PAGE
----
The little, leafy town of Rancho Esperanza has been a perfect place to live for over a century–a bastion of good, solid, Anglo-Saxon, Republican money. These founding fathers built their gracious estates and country club and fondly called their town, “Ohio by the Sea.” There was only one traffic light and time seemed to stop at the freeway off ramp. Then came the Clinton years and the invasion of the New American Ruling Class: New York hedge fund managers, Hollywood producers, and Silicon Valley billionaires. Almost overnight, real estate prices quadruple, horse pastures vanish, tuna tartare and arugula appear on every menu, and a Democratic congresswoman is elected by a landslide. The Old Guard aristocrats of yesterday are now irrelevant and the only power they have is keeping the Kornblatts out of their country club. Twelve characters with distinctly different voices tell their tales of lust and longing spanning the years from World War II to the present–each story a piece of the jigsaw puzzle. The pieces all fit together until the secrets and lies, guarded for generations, are revealed, changing everything we thought was true about Rancho Esperanza and the people who live there.
Written as a novel in stories, Dori Carter’s social satire gets into the hearts and souls of her characters, and presents a fresh look at our attitudes toward money and the ever-shifting nature of status in America.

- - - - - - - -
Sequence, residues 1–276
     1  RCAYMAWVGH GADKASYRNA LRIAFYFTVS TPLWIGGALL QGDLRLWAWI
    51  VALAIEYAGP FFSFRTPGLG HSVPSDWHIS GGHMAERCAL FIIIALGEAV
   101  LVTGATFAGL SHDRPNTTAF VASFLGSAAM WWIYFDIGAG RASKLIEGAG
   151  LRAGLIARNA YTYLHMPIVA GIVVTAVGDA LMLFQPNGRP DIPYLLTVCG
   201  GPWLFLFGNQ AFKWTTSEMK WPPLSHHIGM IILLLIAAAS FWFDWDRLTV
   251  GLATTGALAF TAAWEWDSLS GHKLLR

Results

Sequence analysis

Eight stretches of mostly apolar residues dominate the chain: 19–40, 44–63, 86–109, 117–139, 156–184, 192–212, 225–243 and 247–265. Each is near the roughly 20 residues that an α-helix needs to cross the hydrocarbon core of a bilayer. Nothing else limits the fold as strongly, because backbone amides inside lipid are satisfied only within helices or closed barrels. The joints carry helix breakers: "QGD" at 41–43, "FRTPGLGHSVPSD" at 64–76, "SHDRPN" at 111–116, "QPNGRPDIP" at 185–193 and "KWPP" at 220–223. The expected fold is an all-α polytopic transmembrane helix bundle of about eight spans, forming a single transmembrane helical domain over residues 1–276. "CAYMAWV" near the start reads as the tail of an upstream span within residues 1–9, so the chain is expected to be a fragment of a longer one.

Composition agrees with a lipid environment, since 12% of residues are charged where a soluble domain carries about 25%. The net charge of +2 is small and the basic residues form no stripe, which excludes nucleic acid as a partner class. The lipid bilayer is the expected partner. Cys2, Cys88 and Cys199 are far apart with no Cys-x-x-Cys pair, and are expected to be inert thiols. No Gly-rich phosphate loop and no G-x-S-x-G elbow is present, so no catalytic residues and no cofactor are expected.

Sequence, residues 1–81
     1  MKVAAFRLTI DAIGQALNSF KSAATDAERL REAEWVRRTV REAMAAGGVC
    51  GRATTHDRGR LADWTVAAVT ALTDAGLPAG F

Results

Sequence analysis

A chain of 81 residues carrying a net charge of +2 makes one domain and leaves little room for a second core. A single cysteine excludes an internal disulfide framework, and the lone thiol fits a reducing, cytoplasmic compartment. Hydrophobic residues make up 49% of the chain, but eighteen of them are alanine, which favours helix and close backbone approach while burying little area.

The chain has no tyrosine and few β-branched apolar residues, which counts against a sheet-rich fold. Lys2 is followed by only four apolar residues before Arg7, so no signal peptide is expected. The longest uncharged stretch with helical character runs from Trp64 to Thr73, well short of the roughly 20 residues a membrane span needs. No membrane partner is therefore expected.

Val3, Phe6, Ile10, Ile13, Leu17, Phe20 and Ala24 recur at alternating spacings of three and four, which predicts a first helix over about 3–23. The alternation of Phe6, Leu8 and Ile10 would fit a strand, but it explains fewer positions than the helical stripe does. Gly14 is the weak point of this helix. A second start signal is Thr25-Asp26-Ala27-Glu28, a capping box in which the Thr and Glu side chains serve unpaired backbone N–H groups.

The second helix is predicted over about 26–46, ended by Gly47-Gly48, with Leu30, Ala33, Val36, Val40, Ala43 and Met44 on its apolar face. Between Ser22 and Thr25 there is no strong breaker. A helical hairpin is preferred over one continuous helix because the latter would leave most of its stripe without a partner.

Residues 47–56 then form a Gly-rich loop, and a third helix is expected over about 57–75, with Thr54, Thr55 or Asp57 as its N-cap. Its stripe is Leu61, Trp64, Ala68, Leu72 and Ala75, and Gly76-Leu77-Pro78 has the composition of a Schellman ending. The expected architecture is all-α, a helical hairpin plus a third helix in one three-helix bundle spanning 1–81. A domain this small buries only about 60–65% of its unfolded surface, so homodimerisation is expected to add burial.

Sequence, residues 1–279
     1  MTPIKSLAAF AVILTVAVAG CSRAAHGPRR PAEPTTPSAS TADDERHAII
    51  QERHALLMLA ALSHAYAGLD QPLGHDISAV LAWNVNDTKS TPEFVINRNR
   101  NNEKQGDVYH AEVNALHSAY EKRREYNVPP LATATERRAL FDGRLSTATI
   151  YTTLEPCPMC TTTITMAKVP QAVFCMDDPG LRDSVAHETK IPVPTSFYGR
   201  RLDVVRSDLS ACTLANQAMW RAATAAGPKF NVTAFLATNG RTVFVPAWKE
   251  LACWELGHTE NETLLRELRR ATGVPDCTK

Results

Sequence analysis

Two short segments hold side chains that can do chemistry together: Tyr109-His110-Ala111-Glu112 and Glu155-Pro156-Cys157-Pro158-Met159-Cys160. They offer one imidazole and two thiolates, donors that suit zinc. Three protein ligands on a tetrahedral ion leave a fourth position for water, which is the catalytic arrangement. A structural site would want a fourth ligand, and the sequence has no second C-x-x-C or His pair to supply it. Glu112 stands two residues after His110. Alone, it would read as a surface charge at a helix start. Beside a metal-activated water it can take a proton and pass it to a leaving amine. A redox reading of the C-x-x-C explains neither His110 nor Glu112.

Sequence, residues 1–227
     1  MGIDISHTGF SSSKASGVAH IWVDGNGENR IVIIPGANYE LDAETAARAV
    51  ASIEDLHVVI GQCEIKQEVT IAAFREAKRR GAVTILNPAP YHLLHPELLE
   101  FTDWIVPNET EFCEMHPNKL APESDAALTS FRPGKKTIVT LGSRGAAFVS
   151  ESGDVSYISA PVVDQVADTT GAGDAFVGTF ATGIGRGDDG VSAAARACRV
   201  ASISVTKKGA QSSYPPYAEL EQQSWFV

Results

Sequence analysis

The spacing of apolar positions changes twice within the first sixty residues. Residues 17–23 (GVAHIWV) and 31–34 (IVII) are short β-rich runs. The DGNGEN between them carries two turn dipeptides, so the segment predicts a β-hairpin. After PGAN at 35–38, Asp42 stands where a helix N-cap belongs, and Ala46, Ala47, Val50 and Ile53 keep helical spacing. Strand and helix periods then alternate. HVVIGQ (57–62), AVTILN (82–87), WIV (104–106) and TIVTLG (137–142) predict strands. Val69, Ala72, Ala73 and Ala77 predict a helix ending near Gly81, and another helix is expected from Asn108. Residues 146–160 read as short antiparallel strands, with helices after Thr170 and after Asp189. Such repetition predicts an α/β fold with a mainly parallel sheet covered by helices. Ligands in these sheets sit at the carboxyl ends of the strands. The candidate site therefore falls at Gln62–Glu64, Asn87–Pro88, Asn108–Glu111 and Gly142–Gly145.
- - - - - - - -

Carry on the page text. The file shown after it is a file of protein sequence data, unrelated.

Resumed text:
The leading lady of these 12 interconnected old money/new money tales by the author of Beautiful Wasps Having Sex is the tiny California town of Rancho Esperanza, home to a clutch of archetypes. From the grand old 1940s to the near-present, readers observe the "too good to be true" town filled with beautiful old-money Republicans as it changes over the decades ending with the Clinton years, when so many "New People" move in with their fancy German cars that a Democratic congresswoman is elected by a landslide. While the writing is rich and often funny, Carter doesn't deliver any revelations old money looks down on new money, everyone sleeps around, people are dishonest and self-centered, and neighbors traffic in shame and secrets. There are moments of slick character work, particularly with Jerry and Renee Green, who end up in a tricky relationship with town "relic" Delilah Porter, but the critique of the vapid and insular wealthy feels too safe.